listed as endangered under the Endangered Species Act.
For the roasted tomatoes: 2 cups small yellow and red tomatoes, such as grape and cherry, sliced in half 2 tablespoons extra-virgin olive oil Sea salt Freshly ground black pepper
For the pistachio pesto: 1 cup shelled roasted pistachios 1 cup basil leaves 1⁄4 cup cilantro 2 cloves garlic Zest of 1 lemon 3 tablespoons grated Parmesan cheese 1⁄2 cup extra-virgin olive oil, divided Kosher salt
1. To make the roasted tomatoes: Pre-heat the oven to 400°F. Line a rimmed baking sheet with foil. Arrange the tomatoes on the pan. Drizzle the tomatoes with the olive oil and season generously with salt and pepper. Roast for 15 to 20 minutes, or until softened and blistered.
2. To make the pistachio pesto: Mean- while, in a food processor, combine the pistachios, basil, cilantro, garlic, lemon zest, cheese, and 1⁄4 cup of the olive oil. Process on medium speed, drizzling in more olive oil as needed to reach the desired consistency. The pesto should be slightly thinner than a paste, but not runny. Season with kosher salt to taste.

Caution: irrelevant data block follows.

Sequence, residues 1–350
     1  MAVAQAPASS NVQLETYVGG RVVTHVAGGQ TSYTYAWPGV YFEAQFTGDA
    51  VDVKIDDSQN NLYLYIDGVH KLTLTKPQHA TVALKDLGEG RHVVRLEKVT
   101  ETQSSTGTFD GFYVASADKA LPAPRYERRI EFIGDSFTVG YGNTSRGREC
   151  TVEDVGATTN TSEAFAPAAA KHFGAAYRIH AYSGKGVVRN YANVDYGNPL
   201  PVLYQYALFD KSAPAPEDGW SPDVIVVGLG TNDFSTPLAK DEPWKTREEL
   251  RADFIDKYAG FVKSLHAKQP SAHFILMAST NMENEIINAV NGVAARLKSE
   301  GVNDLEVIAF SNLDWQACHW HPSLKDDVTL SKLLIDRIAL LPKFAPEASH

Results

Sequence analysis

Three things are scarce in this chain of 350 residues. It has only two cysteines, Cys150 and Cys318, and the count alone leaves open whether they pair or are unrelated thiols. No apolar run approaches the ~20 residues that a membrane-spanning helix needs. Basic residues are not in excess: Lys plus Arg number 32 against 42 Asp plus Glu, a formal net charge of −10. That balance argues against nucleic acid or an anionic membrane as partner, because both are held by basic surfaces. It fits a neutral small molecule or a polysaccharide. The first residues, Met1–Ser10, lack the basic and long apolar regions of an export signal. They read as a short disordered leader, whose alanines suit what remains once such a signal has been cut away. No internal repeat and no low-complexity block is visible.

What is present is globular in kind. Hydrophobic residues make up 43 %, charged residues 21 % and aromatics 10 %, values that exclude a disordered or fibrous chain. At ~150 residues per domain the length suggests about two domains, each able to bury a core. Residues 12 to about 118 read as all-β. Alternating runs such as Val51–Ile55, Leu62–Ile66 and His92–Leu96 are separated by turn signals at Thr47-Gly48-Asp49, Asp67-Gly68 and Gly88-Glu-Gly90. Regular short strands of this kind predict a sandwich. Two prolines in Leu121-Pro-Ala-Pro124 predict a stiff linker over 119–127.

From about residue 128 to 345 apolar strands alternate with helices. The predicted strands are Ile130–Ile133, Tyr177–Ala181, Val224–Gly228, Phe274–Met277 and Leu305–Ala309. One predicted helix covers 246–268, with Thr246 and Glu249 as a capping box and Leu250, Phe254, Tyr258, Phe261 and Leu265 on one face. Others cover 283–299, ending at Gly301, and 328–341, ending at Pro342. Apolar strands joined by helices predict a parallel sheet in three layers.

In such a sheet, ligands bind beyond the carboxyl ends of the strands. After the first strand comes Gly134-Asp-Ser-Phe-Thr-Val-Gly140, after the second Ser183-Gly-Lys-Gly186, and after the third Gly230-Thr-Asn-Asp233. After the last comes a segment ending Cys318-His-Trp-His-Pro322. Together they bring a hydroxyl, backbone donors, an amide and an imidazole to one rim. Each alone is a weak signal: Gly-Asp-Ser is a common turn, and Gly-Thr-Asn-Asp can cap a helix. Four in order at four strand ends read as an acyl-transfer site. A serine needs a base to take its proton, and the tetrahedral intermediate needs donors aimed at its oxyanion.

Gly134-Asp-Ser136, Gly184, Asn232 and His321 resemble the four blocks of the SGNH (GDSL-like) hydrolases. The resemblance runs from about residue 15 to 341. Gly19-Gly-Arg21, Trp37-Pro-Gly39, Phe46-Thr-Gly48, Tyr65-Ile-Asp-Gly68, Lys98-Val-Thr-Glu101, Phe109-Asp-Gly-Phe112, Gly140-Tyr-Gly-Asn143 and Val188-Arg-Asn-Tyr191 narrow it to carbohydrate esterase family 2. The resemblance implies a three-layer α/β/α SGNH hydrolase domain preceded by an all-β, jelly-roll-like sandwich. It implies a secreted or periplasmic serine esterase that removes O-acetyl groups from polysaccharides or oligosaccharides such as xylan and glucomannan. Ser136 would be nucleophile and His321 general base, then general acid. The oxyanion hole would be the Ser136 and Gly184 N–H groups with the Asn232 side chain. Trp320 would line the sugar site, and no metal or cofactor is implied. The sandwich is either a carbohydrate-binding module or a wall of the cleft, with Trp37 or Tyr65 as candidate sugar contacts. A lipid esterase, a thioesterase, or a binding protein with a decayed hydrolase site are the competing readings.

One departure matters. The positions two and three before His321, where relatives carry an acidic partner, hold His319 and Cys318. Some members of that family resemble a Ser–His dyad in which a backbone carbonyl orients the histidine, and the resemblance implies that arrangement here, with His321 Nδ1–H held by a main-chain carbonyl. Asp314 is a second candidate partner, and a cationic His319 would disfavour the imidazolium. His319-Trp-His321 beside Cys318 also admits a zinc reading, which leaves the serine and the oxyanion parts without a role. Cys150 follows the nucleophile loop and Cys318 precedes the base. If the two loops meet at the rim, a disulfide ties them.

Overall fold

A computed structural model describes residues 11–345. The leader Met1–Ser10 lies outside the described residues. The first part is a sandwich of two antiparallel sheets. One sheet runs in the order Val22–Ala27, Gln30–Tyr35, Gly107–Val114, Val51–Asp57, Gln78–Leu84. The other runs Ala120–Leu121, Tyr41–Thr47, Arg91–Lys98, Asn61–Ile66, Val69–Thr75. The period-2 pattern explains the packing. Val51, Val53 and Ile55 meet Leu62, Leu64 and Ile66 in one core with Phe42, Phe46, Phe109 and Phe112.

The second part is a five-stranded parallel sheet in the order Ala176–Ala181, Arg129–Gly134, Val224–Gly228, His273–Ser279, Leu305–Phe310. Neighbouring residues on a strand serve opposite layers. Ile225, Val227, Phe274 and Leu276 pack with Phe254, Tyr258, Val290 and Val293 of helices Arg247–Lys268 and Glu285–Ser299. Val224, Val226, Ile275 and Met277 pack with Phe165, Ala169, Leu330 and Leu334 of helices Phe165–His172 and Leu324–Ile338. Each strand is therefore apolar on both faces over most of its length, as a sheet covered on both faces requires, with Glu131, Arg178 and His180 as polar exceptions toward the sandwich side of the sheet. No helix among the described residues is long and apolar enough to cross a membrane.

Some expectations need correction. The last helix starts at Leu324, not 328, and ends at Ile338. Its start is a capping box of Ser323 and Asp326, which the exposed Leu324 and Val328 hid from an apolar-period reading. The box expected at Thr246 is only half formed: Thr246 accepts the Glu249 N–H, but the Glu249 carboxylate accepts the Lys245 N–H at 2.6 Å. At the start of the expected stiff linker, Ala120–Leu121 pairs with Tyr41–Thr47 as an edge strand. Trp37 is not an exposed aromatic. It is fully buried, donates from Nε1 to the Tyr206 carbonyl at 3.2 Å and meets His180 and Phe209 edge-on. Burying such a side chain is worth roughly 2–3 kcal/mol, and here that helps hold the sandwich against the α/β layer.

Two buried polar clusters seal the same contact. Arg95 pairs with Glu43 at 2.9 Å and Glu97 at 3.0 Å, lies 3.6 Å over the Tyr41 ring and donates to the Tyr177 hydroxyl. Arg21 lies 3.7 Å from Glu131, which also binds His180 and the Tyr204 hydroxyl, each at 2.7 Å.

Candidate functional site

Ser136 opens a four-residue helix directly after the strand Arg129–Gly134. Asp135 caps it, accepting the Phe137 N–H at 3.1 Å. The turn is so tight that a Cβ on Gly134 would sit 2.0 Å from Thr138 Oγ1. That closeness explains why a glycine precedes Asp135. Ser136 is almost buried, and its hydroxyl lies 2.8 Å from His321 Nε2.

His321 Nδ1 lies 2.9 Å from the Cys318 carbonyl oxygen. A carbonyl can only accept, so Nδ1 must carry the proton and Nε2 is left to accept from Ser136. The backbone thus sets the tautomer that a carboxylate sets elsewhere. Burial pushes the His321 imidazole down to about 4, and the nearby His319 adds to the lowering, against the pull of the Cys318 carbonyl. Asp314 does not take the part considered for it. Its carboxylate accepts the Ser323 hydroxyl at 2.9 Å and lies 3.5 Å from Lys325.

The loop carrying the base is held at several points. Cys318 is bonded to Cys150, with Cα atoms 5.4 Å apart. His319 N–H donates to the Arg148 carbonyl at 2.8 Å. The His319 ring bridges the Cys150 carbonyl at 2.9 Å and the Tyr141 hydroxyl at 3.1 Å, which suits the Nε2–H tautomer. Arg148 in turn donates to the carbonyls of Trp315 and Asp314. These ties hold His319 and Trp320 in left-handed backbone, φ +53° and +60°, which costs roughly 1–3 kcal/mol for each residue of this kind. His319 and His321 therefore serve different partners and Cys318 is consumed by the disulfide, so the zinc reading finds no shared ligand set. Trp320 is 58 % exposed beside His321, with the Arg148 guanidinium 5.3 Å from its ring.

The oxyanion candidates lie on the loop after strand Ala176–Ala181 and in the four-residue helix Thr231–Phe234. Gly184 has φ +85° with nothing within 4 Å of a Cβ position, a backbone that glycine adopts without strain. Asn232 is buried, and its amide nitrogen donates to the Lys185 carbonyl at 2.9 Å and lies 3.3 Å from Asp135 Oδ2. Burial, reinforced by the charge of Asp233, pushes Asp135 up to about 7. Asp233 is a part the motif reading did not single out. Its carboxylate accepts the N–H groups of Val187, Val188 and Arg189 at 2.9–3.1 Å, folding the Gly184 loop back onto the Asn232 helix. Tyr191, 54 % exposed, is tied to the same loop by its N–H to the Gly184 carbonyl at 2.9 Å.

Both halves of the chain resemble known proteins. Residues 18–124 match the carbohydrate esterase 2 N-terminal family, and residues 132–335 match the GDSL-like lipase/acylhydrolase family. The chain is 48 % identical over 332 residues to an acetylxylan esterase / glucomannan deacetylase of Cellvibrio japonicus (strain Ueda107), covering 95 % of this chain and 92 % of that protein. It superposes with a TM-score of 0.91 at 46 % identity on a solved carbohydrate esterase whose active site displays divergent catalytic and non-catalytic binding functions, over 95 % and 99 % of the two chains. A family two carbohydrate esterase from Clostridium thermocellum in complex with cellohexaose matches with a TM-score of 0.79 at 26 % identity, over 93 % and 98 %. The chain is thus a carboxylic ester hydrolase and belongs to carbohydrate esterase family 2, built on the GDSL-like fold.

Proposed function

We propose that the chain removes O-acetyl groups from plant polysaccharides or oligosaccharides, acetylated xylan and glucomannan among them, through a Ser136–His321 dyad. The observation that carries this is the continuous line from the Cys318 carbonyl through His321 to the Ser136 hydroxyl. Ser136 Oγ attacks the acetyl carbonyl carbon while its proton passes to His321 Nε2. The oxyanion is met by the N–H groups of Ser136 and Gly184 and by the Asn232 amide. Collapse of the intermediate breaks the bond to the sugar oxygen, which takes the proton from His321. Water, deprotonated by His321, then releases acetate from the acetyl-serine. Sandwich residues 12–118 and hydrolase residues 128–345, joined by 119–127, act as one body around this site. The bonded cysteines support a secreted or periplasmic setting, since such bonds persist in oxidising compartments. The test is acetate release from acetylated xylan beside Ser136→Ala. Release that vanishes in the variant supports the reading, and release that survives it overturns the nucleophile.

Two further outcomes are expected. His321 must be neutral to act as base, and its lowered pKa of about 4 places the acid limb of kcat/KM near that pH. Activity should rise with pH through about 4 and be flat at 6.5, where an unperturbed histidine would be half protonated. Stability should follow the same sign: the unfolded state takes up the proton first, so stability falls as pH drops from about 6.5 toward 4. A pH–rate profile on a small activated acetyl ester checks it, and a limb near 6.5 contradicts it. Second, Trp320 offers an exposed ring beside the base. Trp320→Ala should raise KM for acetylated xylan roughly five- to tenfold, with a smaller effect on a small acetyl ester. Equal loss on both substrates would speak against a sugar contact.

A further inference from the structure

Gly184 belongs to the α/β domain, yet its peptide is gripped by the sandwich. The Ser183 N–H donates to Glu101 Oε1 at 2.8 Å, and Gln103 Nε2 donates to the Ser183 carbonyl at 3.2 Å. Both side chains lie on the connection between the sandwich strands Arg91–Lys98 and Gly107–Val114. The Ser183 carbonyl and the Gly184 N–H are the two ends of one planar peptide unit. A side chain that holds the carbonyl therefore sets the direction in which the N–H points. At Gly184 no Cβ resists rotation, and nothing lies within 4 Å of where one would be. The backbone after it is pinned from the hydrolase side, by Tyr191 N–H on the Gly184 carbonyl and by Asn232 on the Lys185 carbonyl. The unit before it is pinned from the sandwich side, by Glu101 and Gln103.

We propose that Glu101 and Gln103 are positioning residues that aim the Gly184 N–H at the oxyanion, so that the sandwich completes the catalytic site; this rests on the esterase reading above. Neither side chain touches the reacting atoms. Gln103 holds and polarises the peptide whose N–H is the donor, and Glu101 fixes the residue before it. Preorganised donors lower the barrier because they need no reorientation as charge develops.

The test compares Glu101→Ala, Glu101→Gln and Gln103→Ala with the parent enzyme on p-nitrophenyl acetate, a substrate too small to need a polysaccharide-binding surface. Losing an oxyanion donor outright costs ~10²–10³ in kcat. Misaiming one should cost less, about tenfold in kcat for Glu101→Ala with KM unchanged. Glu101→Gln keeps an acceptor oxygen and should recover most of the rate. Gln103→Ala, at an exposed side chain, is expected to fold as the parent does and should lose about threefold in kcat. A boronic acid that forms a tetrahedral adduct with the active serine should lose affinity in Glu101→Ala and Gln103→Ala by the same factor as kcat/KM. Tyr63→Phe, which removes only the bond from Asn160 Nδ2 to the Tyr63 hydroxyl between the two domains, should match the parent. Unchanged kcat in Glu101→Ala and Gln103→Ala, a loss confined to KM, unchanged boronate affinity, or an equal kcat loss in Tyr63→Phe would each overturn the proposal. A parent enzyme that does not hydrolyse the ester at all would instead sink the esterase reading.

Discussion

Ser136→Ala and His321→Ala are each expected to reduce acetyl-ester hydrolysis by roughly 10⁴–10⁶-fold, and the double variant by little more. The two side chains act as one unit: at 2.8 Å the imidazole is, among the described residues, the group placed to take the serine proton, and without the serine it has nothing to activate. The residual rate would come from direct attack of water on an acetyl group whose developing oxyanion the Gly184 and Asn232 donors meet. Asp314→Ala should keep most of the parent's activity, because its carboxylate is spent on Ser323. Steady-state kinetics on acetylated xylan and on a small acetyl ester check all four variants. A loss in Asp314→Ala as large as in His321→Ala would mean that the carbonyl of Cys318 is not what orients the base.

3. Prepare the pasta according to package directions for al dente. Drain lightly, reserving about 1⁄4 cup of the pasta water. Return the angel hair to the pot with the pasta water. Stir in the pesto until coated.
4. In a cast-iron skillet, heat the avocado oil over medium-high heat. Pat the halibut fillets dry and season them with salt and pepper to taste. Sear them until browned on the bottom, about 4 minutes (see note). Gently turn them with a metal fish spatula and cook for 60 to 90 seconds, or until cooked to medium-rare to medium in the center, being careful not to overcook, or they will become dry.
5. To plate the pasta: Divide the pes- to-coated angel hair among 4 pasta bowls. Top each bowl of pasta with a halibut fillet. Distribute the roasted tomatoes evenly among the 4 bowls. Serve promptly with freshly grated Parmesan.
Note: Searing time will vary depending on the thickness of your fillets. If your fillets are quite thick, the cast-iron skillet can be transferred to a 350°F oven to finish cooking. But again, be very careful not to overcook and dry out the halibut.
1 sheet (12” x 18”) aluminum foil
4 Alaska Gold Halibut portions
Salt and pepper, to taste
8 oz. fresh mozzarella cheese, cut into 8 slices